Failed osteoarthritis drug could help treat opioid addiction
Researchers in the Linda and Jack Gill Center for Biomolecular Science at IU Bloomington have discovered that a compound previously tested to treat osteoarthritis pain appears to block neuropathic pain and decrease signs of opioid dependence. The work is reported in the journal Molecular Pharmacology.
Human trials of the drug to treat osteoarthritis pain conducted by Indianapolis-based drug manufacturer Eli Lilly and Co. found that the drug lacked efficacy. However, the drug’s use in treating other kinds of pain and lessening opioid dependence had not been tested before.
“The potential to quickly begin using this compound in combination with opioid-based medication to treat pain and reduce addiction makes this discovery very significant,” said lead investigator Andrea G. Hohmann, a Linda and Jack Gill Chair of Neuroscience and professor in the IU Bloomington College of Arts and Sciences’ Department of Psychological and Brain Sciences. “We already know this drug is safe for use in people, so moving into human trials will not require as many regulatory hurdles.”
The need for non-addictive alternatives to opioid-based pain medication is urgent due to the rapid rise in overdose deaths over the past decade. According to the Centers for Disease Control and Prevention, over 64,000 Americans died from drug overdoses in 2016, including from illicit drugs and prescription opioids. To tackle this issue, IU last year launched the Responding to the Addictions Crisis Grand Challenge initiative to invest $50 million to prevent and reduce addictions in Indiana.
To test the potential of the experimental drug to treat pain and reduce addiction symptoms, IU scientists administered the compound and the opioid morphine to male mice with neuropathic pain. While morphine initially reduced the pain, mice quickly developed tolerance to morphine’s effectiveness, similar to people who require higher doses of opioid over time to achieve relief.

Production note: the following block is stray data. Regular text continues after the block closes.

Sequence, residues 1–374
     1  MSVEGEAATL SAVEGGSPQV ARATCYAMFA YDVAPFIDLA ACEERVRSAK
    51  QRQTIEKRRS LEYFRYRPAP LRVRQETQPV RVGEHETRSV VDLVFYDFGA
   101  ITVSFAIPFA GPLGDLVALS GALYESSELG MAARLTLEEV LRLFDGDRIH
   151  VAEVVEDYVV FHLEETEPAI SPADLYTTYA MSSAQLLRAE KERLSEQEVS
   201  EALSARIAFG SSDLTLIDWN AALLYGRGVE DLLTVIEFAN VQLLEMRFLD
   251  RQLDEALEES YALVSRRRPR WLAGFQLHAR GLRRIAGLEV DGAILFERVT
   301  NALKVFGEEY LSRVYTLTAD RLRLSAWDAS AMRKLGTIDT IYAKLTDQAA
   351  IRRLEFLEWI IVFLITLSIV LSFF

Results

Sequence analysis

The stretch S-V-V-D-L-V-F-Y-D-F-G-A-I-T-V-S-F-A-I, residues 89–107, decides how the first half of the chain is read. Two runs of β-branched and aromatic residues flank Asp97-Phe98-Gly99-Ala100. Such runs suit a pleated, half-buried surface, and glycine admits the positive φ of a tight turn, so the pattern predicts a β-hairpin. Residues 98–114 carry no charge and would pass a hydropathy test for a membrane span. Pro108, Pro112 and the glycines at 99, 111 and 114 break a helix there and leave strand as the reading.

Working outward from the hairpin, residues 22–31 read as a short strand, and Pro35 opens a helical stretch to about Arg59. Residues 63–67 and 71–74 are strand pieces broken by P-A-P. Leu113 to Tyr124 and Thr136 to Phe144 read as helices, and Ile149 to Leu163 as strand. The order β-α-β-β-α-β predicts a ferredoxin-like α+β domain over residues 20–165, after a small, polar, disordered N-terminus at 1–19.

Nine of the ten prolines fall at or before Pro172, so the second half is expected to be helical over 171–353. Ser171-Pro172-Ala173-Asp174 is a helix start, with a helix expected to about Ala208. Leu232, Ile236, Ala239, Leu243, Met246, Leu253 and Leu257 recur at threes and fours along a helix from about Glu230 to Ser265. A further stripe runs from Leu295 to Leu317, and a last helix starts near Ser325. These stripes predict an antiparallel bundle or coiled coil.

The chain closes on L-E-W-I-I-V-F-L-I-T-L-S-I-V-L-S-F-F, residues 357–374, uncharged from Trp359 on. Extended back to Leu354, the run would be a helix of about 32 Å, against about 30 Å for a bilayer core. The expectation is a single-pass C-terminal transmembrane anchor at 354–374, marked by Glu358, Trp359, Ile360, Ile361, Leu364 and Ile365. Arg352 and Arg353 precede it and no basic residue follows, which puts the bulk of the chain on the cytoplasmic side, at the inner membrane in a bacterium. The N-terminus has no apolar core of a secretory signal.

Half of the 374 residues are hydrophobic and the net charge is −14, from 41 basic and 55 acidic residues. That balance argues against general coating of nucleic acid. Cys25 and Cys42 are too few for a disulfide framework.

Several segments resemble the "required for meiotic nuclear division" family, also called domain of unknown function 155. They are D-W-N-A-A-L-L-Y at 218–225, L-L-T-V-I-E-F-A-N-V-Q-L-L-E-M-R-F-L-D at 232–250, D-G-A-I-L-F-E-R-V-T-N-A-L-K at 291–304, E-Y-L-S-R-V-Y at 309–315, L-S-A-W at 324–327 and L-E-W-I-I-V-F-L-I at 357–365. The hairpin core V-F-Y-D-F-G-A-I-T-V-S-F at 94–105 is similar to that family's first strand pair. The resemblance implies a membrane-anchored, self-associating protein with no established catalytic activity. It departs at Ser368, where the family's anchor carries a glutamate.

However, when a low dose of the experimental drug was combined with morphine, the mice no longer became tolerant to morphine, and that lack of tolerance remained even after the experimental drug was discontinued. The researchers also found the experimental drug could produce sustained pain relief on its own at higher doses.
In another experiment, mice were given either morphine alone or morphine in combination with the experimental drug, and then treated with naloxone, which blocks the effect of opioids and induces opioid withdrawal symptoms. Remarkably, Hohmann said, the experimental drug also decreased the severity of these symptoms.
Together, these results suggest the experimental drug could be used in combination with opioids to prevent tolerance, allowing satisfactory pain treatment with fewer side effects, or as a means to wean opioid-tolerant individuals off these drugs.
The researchers chose to explore the failed osteoarthritis drug because they had found that the compound acted in a unique way upon a target in the body known to play a role in pain relief.
The first author on the study is Xiaoyan Lin, a postdoctoral research associate in the Gill Center for Biomolecular Science. Additional authors are Amey S. Dhopeshwarkar, assistant scientist; Megan Huibregtse, an undergraduate student at the time of the study; and Dr. Ken Mackie, Linda and Jack Gill Chair of Neuroscience and professor of psychological and brain sciences.
This study was supported in part by the National Institute on Drug Abuse and National Cancer Institute.
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